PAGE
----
1 in 5 severe COVID-19 patients have diabetes, study shows

Credit: CC0 Public Domain

In a new study, researchers found that infected patients with diabetes represent more than 20% of critically ill COVID-19 patients in intensive care units.

This presents new challenges for clinicians caring for infected patients with diabetes.

The research was conducted by a team at the University of Pittsburgh.

Hospitalized patients with COVID-19 and diabetes need to receive glucose-lowering therapy in addition to other complex medical management as a way of minimizing risk for complications and death.

However, appropriate glycemic management—including bedside glucose monitoring and insulin administration—requires intensive patient interactions and puts clinicians at risk.

The team says the current paper provides guidance for healthcare providers caring for patients hospitalized for COVID-19 who also have a prior history of diabetes or who have high blood sugar levels at the time of hospitalization.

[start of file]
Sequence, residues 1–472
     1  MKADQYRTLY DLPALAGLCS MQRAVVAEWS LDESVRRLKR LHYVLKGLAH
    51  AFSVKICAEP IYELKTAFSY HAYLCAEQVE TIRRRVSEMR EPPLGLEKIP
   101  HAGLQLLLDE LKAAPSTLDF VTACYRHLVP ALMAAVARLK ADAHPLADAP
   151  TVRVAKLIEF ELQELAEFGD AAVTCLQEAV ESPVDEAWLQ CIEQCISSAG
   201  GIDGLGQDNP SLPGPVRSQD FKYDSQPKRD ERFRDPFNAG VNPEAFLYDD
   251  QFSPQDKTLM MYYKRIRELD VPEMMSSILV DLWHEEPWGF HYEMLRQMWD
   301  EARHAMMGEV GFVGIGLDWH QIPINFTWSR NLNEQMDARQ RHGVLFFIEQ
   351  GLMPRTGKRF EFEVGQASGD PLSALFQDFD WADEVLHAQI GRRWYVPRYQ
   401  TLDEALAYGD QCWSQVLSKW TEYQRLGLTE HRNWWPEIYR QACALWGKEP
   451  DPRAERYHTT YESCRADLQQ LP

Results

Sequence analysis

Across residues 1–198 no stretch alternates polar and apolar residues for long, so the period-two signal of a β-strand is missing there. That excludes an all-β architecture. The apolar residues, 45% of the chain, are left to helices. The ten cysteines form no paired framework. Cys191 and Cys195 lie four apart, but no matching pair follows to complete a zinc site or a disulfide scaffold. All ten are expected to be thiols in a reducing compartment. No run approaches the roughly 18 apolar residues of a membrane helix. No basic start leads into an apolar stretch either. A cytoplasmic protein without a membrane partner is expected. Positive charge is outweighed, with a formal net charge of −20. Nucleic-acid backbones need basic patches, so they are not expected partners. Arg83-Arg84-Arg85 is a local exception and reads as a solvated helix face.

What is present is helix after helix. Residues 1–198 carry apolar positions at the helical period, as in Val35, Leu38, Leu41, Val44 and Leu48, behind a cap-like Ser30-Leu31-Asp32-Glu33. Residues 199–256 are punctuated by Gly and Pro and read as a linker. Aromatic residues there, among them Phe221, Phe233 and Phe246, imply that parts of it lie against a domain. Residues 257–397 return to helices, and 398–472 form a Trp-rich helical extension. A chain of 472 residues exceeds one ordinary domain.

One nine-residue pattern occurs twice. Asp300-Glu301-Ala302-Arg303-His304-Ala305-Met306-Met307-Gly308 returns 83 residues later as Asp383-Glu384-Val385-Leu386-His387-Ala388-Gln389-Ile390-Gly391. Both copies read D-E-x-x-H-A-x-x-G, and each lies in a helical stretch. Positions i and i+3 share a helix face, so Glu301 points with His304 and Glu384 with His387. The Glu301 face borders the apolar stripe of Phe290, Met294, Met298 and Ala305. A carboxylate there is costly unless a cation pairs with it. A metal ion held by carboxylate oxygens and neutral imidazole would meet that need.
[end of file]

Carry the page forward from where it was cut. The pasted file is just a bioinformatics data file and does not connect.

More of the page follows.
These healthcare providers are at risk for contracting COVID-19, and while glycemic management in the hospital improves patient outcomes, it also intensifies the amount of time with direct patient contact.

Clinicians may limit their risk of exposure by minimizing the use of IV insulin infusions and using remote glucose monitoring devices and non-insulin therapies when possible.

Diabetes self-management by selected patients who are knowledgeable and capable of this in the hospital also can be considered as a way of limiting direct patient interactions.

Clinicians should be aware that some medications used in treating COVID-19 patients, including glucocorticoids and hydroxychloroquine, can affect blood glucose levels.

The lead author of the study is Mary T. Korytkowski, M.D. from the University of Pittsburgh School of Medicine in Pittsburgh.

The study is published in the Journal of Clinical Endocrinology & Metabolism.

Copyright © 2020 Knowridge Science Report. All rights reserved.